OBJECTIVES: The study compared the influence of sympathetic stimulation on transmural and spatial dispersion of repolarization between LQT1 and LQT2 forms of congenital long QT syndrome (LQTS). BACKGROUND: Cardiac events are more associated with sympathetic stimulation in LQT1 than in LQT2 or LQT3 syndrome. Experimental studies have suggested that the interval between Tpeak and Tend (Tp-e) in the electrocardiogram (ECG) reflects transmural dispersion of repolarization across the ventricular wall. METHODS: We recorded 87-lead body-surface ECGs before and after epinephrine infusion (0.1 μg/kg/min) in 13 LQT1, 6 LQT2, and 7 control patients. The Q-Tend (QT-e), Q-Tpeak (QT-p), and Tp-e were measured automatically from 87-lead ECGs, corrected by Bazett's method (QTc-e, QTc-p, Tcp-e), and averaged among all 87-leads and among 24-leads, which reflect the potential from the left ventricular free wall. As an index of spatial dispersion of repolarization, the dispersion of QTc-e (QTc-eD) and QTc-p (QTc-pD) were obtained among 87-leads and among 24-leads, and were defined as the interval between the maximum and the minimum of the QTc-e and the QTc-p, respectively. RESULTS: Epinephrine significantly increased the mean QTc-e but not the mean QTc-p, resulting in a significant increase in the mean Tcp-e in both LQT1 and LQT2, but not in control patients. The epinephrine-induced increases in the mean QTc-e and Tcp-e were larger in LQT1 than in LQT2, and were more pronounced when the averaged data were obtained from 24-leads than from 87-leads. Epinephrine increased the maximum QTc-e but not the minimum QTc-e, producing a significant increase in the QTc-eD in both LQT1 and LQT2 patients, but not in control patients. The increase in the QTc-eD was larger in LQT1 than in LQT2 patients. CONCLUSIONS: Our data suggest that sympathetic stimulation produces a greater increase in both transmural and spatial dispersion of repolarization in LQT1 than in LQT2 syndrome, and this may explain why LQT1 patients are more sensitive to sympathetic stimulation.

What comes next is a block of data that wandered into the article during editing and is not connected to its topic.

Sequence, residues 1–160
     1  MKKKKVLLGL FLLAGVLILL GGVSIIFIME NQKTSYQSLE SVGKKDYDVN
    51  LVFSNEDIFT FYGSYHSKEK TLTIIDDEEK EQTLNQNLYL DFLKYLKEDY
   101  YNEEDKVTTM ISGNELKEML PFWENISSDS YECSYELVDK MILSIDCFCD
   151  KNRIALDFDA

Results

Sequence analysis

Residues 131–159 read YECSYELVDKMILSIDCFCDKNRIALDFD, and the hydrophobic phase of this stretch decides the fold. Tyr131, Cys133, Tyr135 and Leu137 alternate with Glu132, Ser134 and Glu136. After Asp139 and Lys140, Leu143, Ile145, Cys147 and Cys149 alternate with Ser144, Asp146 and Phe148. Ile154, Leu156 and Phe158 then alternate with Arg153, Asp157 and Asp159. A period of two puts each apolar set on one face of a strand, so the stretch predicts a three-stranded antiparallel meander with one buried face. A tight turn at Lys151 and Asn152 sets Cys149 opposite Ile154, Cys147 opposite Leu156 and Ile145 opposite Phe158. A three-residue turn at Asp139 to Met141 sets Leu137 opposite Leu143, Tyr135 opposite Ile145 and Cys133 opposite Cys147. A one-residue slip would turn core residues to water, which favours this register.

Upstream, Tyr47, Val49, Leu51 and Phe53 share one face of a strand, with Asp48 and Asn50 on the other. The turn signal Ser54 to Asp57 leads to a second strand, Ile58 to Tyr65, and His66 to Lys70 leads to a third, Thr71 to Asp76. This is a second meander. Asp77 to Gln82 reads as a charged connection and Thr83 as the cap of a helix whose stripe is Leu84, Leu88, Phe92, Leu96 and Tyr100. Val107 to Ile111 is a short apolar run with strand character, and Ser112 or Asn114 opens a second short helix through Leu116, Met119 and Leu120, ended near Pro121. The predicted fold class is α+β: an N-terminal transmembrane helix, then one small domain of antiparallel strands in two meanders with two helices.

ASJC Scopus subject areas
- Cardiology and Cardiovascular Medicine